weathering

weathering - Weathering and Soils Page 1 of 7 EENS 1110...

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This page last updated on 30-Jan-2012 EENS 1110 Physical Geology Tulane University Prof. Stephen A. Nelson Weathering and Soils Earth is covered by a thin ±veneer² of sediment. The veneer caps igneous and metamorphic ±basement.² This sediment cover varies in thickness from 0 to 20 km. It is thinner (or missing) where igneous and metamorphic rocks outcrop, and is thicker in sedimentary basins. In order to make this sediment and sedimentary rock, several steps are required: z Weathering ³ Breaks pre-existing rock into small fragments or new minerals z Transportation of the sediments to a sedimentary basin. z Deposition of the sediment z Burial and Lithification to make sedimentary rock. Each Step in the process of forming sediment and sedimentary rocks leaves clues in the sediment. These clues can be interpreted to determine the history of the sediment and thus the history of the Earth. Weathering Geologists recognize two categories of weathering processes 1. Physical Weathering - disintegration of rocks and minerals by a physical or mechanical process. 2. Chemical Weathering - chemical alteration or decomposition of rocks and minerals. Although we separate these processes, as we will see, both work together to break down rocks and minerals to smaller fragments or to minerals more stable near the Earth's surface.Both types are a response to the low pressure, low temperature, and water and oxygen rich nature of the earth´s surface. Physical Weathering The mechanical breakup or disintegration of rock doesn't change mineral makeup. It creates broken fragments or ±detritus.² which are classified by size: z Coarse-grained ³ Boulders, Cobbles, and Pebbles. z Medium-grained ³ Sand z Fine-grained ³ Silt and clay (mud). Physical weathering takes place by a variety of processes. Among them are: z Development of Joints - Joints are regularly spaced fractures or cracks in rocks that show no offset across the fracture (fractures that show an offset are called faults). { Joints form as a result of expansion due to cooling or relief of pressure as overlying rocks are removed by erosion. Page 1 of 7 Weathering and Soils 1/30/2012 http://www.tulane.edu/~sanelson/eens1110/weathering.htm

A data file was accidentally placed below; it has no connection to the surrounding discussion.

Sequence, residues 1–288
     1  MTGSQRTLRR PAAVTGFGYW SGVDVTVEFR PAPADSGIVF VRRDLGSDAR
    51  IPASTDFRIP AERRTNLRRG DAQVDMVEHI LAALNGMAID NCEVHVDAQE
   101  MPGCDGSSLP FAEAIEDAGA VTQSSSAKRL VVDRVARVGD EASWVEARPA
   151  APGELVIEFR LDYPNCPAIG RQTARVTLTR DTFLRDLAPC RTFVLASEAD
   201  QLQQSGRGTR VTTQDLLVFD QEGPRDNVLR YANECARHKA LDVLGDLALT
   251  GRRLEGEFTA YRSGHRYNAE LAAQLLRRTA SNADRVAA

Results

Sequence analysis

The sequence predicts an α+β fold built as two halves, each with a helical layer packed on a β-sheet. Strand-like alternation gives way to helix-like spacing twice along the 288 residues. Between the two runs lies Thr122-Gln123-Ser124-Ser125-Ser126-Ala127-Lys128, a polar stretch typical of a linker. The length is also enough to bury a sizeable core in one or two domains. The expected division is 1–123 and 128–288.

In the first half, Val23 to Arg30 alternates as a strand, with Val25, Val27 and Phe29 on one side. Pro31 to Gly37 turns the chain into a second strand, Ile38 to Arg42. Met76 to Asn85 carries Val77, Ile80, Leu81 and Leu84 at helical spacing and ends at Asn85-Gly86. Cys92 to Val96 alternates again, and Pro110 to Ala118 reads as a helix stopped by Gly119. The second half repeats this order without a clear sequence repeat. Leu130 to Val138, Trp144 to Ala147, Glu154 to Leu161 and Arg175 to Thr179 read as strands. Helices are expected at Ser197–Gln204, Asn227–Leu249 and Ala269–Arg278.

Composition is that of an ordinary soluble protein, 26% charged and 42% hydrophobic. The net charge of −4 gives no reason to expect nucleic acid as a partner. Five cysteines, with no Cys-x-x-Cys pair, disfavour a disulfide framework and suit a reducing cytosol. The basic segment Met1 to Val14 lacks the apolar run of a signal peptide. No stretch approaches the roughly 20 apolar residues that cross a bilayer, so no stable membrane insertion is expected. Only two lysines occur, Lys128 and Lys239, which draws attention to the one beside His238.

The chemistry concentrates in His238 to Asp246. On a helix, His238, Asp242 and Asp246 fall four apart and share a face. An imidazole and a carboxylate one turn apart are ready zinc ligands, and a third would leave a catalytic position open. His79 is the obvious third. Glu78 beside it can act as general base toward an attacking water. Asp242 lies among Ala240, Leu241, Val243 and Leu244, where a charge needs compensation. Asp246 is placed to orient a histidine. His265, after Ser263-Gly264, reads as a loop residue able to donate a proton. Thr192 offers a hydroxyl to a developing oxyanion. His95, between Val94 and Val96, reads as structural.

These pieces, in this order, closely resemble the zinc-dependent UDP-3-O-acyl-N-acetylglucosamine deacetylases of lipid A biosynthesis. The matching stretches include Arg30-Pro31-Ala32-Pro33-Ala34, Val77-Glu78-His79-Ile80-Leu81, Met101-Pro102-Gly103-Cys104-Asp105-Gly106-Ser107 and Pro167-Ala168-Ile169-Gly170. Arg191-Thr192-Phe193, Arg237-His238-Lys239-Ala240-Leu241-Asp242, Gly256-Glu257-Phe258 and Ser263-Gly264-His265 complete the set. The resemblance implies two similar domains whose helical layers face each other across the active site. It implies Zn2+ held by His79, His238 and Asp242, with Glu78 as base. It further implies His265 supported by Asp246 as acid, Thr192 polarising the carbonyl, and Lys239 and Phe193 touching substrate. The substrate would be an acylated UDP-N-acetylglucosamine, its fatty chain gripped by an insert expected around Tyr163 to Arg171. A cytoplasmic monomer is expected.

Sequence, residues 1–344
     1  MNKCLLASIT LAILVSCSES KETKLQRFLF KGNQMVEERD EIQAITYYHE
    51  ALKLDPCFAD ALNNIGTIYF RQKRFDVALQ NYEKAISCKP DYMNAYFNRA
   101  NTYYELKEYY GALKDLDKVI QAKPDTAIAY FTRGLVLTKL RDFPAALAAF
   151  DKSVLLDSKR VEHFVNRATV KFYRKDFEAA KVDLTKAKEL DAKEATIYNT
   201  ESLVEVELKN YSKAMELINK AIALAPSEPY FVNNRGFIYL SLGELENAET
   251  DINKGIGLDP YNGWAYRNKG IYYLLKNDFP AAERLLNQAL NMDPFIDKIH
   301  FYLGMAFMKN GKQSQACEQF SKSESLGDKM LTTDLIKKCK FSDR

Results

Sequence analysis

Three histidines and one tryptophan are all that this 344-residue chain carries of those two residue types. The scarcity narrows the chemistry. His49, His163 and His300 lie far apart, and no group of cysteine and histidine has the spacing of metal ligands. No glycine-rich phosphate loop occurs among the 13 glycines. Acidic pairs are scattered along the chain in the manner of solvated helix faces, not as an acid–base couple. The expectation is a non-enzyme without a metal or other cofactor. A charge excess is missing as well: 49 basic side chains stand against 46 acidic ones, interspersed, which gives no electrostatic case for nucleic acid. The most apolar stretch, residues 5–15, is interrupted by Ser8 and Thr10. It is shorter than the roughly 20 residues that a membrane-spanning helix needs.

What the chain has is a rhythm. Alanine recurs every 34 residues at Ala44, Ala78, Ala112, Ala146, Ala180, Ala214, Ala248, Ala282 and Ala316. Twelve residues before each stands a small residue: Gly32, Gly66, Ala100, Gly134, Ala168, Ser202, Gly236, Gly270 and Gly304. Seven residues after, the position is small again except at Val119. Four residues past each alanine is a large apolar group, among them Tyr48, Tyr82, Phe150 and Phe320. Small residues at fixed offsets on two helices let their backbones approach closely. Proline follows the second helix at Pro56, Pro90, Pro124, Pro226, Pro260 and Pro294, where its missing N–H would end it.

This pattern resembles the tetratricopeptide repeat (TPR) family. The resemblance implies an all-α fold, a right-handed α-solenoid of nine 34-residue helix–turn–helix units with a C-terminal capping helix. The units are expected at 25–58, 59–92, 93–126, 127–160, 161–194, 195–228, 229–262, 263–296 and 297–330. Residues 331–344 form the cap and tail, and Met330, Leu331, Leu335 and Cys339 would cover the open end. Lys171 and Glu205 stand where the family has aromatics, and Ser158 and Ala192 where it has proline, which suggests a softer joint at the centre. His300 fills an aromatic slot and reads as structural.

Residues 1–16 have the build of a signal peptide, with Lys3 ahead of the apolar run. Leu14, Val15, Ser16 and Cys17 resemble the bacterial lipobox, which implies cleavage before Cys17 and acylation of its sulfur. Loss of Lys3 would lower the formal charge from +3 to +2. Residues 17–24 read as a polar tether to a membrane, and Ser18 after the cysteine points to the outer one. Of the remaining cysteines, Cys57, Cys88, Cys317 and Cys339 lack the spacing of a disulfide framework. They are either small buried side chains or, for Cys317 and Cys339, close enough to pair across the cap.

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{ Igneous plutons crack in onion like ±exfoliation² layers. These layers break off as sheets that slide off of a pluton. Over time, this process creates domed remnants. (See figure B.4 in your text) Examples: Half-Dome (CA.) (see figure 22.12a in your text) and Stone Mountain (GA.). { Joints form free space in rock by which other agents of chemical or physical weathering can enter. z Crystal Growth - As water percolates through fractures and pore spaces it may contain ions that precipitate to form crystals. As these crystals grow they may exert an outward force that can expand or weaken rocks. z
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This note was uploaded on 02/01/2012 for the course EENS 1110 taught by Professor Staff during the Fall '10 term at Tulane.

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weathering - Weathering and Soils Page 1 of 7 EENS 1110...

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